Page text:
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5/21/13 questions and discussion

From: Jon A.
Sent on: Thursday, May 23, 2013 10:07 AM

1-is mental illness moral?6/4/6
2-is there any way out of the ideological apparently unresolvable differences in America?6/2
3-is our industrialized food production system killing us?4
4-ought the government do more to regulate essential services and products?6/4/4
5-is there a solution to pluralistic ignorance?6


is mental illness moral?

Jon: our friend here Mr. Peloquin has mentioned he grew up in a home that included a mentally ill parent. He has also mentioned being dubious about the legitimacy of that parent's dysfunction. I gather he wonders if she really wanted to be functional, a sense that she chose to do harm by not trying to heal. If true, then that parent would be guilty of a kind of immorality; choosing to not get well, thereby harming the family. Mental illness often is viewed as an illegitimate illness. We do hear people say to someone who is, say, depressed, to "just get over it!" We wouldn't dream of saying that to a cancer victim (You have cancer? C'mon, everybody gets cancer! Get over it!"). So my question is asking us whether in fact we believe mental illness is in any part an immoral state of being.

Jim: I can attribute morality to action. Culpability is not connected to mental illness.

Jon: some of us here may remember Chris, the man with Bi-Polar disorder who used to attend this group regularly. Would you consider his illness evidence of immorality?

Jim: it has to be about action

Vivian: our military has in its history taken a dim view of the legitimacy of mental illness in spite of its always arising among some people exposed to the horrors of war. 

Jon: yeah, fellow soldiers might consider a mentally ill member a "loser", or weak. Someone who isn't pulling their weight by choice, thereby committing the immoral act of being a malingerer. We perhaps sometimes wonder if an alcoholic really has an illness over which they have no control. We see them being deadbeat parents, threatening our safety when they drive drunk and we are at least tempted to point a moralistic finger at them. It's tempting to say this kind of mentally ill person is an immoral person.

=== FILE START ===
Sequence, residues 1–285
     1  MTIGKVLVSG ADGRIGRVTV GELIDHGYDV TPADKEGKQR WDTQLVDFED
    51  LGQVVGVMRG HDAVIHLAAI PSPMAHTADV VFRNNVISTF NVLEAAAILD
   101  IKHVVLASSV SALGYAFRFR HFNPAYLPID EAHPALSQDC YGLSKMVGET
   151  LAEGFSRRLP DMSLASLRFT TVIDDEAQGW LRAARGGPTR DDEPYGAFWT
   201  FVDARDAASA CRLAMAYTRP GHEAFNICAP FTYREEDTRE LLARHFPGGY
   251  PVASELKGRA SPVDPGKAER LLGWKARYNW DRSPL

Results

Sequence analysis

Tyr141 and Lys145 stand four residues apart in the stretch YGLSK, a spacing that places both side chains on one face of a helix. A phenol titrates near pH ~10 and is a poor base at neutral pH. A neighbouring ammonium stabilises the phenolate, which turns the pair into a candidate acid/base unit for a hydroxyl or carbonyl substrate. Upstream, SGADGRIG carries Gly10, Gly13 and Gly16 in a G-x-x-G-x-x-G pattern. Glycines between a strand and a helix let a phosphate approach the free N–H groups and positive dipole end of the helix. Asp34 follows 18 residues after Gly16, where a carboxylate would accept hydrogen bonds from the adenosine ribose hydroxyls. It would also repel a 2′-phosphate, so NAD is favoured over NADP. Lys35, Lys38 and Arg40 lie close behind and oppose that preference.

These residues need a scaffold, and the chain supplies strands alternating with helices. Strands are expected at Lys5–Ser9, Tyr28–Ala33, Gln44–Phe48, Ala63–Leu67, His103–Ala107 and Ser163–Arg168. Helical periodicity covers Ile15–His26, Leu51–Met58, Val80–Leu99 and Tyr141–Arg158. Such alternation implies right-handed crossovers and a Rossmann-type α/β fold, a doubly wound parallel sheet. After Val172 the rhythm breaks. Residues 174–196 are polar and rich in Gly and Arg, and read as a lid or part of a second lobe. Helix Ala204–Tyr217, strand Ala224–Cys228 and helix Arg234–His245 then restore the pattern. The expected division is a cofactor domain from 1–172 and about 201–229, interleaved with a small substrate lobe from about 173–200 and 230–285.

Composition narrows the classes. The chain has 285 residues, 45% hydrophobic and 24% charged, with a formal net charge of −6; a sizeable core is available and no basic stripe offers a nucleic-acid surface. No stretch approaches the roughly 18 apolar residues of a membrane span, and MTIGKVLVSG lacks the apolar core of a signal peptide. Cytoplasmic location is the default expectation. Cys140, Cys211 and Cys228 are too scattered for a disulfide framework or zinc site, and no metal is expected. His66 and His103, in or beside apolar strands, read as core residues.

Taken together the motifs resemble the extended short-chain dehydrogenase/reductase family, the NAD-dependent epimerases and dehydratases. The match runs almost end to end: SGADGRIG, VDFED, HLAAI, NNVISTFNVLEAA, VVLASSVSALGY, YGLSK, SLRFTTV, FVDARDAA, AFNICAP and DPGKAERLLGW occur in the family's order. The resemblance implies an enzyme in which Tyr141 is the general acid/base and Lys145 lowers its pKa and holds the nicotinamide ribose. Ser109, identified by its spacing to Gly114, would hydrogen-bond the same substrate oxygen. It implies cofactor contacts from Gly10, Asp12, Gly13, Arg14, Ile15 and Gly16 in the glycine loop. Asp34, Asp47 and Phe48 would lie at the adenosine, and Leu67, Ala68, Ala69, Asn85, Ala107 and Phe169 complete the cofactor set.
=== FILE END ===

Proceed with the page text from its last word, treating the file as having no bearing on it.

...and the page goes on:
Vivian: there's not a choice when it come to mental illness

Gina: sometimes it looks like a weakness. A flaw in their character.

Meg: it can be used as a crutch. I don't really know if they're really doing their best.

Meg: [to Jim] my childhood training via the Bible said our bad thoughts are as bad as our bad actions action.

Jon: my brother has had a hard life. Lots of alcohol since he was a teen, never really had a job for long, drummed out of the service (alcohol on the base), hasn't paid child support for 18 years. Is he an immoral person?

Steve: Jim mentions action as the key to acknowledging the immoral. I also think intent plays a role. 

Jon: have you ever known someone mentally ill?

Steve: I went through it with my brother's alcoholism. I can understand it intellectually as a disease. But emotionally I can't.

Meg: I was married to an alcoholic who was depressed and eventually killed himself. I couldn't help but understand his suffering and why he did the things he did, even when he was doing bad things.

Jon: have you ever felt a need to defend him/his actions to others?

Meg: probably. I didn't want him to be judged. We were a team. I met him sober when he seemed happy and said he was. When he started drinking I'd remind him he was happy sober and he would say I was wrong.

Mark: did his drinking caused depression or visa versa?

Meg: depression first and also trained by his heavy drinking family, plus he started drinking at age 13. I've been defensive of him when others judge him.

Jim: looking at morality it's a construct enforced by society. Then we say "ok I'm willing to acknowledge there are physical reasons for harmful/immoral actions. If someone's logic is wrong and they use it to do harm, society needs to be able to judge that. This cuts to it. We make rules, cut out excuses. Mental illness represents why but it's not an excuse.

Shannon: capability of knowing what's right and wrong is key.

Chris: what if they can't tell the difference?

Shannon: Jim's saying no matter the reasons harm has been done and we must be clear about that.

Chris: is alcohol itself immoral?

Jim: we can't assign immorality to a substance.

Chris: what if it's used to make a profit?

Jim: it's never immoral to make a profit!

Gina: I had an unstable mom, never knowing what would happen when coming home. My uncle asked why dad didn't divorce her? I found her blameworthy and still do.

Meg: was your dad or your mom more accountable?

Gina: in my mind when young it was my mom. As I aged it became more dad.

Jim: what is the cure? Child protection? Whatever, it' the morality that needs to be enforced. We need not at all morally judge her mother, just her immoral acts. 	



If there is a problem you can do nothing about, why be upset? If there is a problem you can do something about, why be upset?

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